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Δημοσθένης

13 Choeroboscus, in Theodos. Canon., GG IV.1, P. 252.26 Hilgard

ὅτι γὰρ ἐκτείνει (sc. ἵλαος) τὸ ᾱ, ἐδήλωσε Παρθένιος [8] . . . καὶ ἐν τῷ Εὐφορίωνος Δημοσθένει ὁμοίως ἐκτεταμένον εὑρίσκεται, οἷον·

δαίμονος ἱλάοιο.

Διόνυσος

14 Tzetzes ad Lyc. Al. 207, p. 98.5 Scheer

ἐτιμᾶτο δὲ καὶ Διόνυσος ἐν Δελφοῖς σὺν Ἀπόλλωνι οὑτωσί· οἱ Τιτᾶνες τὰ Διονύσου μέλη σπαράξαντες Ἀπόλλωνι ἀδελφῷ ὄντι αὐτοῦ παρέθεντο ἐμβαλόντες λέβητι, ὁ δὲ παρὰ τῷ τρίποδι ἀπέθετο, ὥς φησι Καλλίμαχος [fr. 643 Pf.] καὶ Εὐφορίων λέγων·

ἐν πυρὶ Βάκχον δῖον ὑπερφίαλοι ἐβάλοντο.

Βάκχαν, Βάκχοις vel Βάκχας codd., corr. Meineke post βάκχον finem versus statuit Meineke 1823, van Groningen; cf. Magnelli 2002, 149–150 δῖον, δῖαν, δίαν codd. ὑπὲρ φιάλην codd., corr. O. Müller: φιάλης Lobeck ἐβάλοντο, ἐβάλλοντο, ἐμβάλλοντες codd.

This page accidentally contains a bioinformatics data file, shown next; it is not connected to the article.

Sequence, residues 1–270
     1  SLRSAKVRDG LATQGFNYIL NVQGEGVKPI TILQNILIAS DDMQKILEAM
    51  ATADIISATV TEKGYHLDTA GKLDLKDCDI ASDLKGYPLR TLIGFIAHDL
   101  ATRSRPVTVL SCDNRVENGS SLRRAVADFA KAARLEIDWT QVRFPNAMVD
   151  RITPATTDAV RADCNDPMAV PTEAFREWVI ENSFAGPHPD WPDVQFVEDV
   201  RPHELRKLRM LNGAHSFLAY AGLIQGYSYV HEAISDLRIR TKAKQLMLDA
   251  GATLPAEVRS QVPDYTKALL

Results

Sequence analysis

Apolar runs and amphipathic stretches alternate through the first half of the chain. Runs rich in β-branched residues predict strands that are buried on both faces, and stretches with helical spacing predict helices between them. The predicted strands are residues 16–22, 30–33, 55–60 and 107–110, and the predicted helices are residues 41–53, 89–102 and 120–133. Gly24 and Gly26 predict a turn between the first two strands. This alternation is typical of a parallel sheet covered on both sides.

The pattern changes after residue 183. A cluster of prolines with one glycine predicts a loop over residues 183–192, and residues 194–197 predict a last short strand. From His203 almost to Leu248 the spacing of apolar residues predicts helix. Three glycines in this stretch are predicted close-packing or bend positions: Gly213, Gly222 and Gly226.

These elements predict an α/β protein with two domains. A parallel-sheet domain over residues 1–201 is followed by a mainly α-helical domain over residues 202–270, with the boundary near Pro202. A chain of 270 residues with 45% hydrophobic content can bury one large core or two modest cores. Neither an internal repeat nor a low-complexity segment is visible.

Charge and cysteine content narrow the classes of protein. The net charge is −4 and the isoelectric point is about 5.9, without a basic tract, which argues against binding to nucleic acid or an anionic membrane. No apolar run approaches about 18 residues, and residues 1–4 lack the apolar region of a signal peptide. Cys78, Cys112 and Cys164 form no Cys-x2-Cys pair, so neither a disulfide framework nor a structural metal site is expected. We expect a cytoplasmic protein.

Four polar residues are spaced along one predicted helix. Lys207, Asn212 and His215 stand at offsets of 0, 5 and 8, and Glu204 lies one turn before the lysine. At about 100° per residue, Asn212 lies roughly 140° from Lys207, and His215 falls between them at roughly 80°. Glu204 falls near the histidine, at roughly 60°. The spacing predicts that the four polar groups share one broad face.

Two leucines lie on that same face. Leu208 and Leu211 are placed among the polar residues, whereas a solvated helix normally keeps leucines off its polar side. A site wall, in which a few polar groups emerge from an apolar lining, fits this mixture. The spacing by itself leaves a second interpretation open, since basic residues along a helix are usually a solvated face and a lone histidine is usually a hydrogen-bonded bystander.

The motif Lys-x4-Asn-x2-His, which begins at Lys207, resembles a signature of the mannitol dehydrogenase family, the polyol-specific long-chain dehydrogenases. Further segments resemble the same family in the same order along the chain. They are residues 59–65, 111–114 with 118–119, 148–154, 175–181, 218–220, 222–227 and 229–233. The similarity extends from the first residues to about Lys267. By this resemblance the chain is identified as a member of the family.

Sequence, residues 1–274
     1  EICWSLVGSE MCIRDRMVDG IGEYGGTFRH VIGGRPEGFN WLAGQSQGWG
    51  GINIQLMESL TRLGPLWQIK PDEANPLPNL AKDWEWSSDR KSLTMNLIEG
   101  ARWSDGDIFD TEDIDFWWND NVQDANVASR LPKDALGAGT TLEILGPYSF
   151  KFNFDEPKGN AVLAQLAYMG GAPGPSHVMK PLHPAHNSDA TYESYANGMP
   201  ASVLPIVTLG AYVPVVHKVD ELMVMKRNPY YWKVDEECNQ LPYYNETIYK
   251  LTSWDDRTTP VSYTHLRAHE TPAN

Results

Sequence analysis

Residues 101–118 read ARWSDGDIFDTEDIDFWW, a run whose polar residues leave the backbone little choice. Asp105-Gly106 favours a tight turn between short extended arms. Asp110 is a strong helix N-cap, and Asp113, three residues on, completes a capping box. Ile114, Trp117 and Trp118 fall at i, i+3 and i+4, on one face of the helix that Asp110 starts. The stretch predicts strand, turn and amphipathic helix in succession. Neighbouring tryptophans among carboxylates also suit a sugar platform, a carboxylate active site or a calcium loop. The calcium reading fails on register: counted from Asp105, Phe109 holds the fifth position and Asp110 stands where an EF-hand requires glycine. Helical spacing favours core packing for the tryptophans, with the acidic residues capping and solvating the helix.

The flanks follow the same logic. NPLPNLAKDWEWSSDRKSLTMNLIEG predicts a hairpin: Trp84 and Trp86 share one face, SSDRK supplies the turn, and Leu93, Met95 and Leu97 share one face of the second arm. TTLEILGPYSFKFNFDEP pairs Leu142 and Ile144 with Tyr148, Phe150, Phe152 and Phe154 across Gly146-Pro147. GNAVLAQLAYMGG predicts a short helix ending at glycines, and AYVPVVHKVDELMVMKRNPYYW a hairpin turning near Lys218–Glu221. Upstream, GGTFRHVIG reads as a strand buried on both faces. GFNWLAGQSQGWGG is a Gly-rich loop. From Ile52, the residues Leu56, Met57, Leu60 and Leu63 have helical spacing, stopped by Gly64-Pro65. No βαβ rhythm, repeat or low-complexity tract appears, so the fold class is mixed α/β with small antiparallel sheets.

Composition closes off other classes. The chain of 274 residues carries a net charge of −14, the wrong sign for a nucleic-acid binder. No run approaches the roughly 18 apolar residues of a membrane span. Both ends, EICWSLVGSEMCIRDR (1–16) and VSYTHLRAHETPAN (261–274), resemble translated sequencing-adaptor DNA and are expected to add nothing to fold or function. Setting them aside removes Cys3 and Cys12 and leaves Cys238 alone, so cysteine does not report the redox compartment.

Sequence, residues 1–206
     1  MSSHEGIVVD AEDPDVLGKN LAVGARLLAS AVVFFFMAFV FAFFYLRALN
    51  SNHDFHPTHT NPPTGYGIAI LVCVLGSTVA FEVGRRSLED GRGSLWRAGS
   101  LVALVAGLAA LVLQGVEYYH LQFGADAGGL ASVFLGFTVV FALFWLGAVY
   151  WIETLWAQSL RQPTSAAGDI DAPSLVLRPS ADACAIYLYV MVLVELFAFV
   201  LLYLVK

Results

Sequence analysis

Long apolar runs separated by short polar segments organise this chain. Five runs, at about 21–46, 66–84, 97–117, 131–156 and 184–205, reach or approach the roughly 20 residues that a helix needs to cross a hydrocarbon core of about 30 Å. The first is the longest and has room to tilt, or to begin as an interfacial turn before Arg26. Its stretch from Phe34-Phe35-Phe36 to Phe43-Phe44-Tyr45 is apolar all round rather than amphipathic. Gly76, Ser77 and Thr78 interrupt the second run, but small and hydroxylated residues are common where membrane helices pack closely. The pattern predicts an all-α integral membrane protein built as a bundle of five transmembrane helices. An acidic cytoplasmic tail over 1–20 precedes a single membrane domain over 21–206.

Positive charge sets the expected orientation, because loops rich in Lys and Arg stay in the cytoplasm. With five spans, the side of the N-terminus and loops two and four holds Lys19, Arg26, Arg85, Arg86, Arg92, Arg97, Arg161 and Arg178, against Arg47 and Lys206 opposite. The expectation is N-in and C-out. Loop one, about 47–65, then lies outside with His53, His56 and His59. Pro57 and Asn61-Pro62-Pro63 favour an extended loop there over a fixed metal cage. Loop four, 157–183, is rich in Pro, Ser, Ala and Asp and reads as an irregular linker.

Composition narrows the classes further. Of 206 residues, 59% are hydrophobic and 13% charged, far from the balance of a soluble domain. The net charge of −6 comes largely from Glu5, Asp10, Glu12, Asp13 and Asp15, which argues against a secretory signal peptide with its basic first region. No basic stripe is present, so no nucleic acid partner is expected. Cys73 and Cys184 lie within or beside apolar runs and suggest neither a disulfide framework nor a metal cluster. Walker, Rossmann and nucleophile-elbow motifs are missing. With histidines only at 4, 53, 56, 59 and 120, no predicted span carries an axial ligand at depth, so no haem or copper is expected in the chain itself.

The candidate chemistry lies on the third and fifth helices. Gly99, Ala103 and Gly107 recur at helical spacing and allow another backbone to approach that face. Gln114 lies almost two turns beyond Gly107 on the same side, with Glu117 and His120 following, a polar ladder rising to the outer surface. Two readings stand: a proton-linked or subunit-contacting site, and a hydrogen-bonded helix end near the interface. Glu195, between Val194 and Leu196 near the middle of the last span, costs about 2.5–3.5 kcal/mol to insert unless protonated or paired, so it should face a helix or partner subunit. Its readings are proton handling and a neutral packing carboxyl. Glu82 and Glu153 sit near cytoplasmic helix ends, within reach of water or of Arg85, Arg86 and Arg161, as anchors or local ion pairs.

cf. EtMag 255. 14–16, sine poetarum testimoniis
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Demosthenes

13 Choeroboscus, scholia on Theodosius’ Canones

That it (ἵλαος) does lengthen the a is demonstrated by Parthenius [8] . . . It is also found in Euphorion’s Demosthenes likewise lengthened, as in:

Of a propitious deity

Dionysus

14 Tzetzes on Lycophron, Alexandra

Dionysus, too, was honoured in Delphi together with Apollo, in the following way. The Titans tore asunder Dionysus’ limbs, threw them into a cauldron, and set it before his brother Apollo. Apollo stowed it away beside his tripod, as we learn from Callimachus and Euphorion, who says:

In(to) the fire those arrogant beings cast divine Bacchus.16

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DOI: 10.4159/DLCL.euphorion_chalcis-poetic_fragments.2010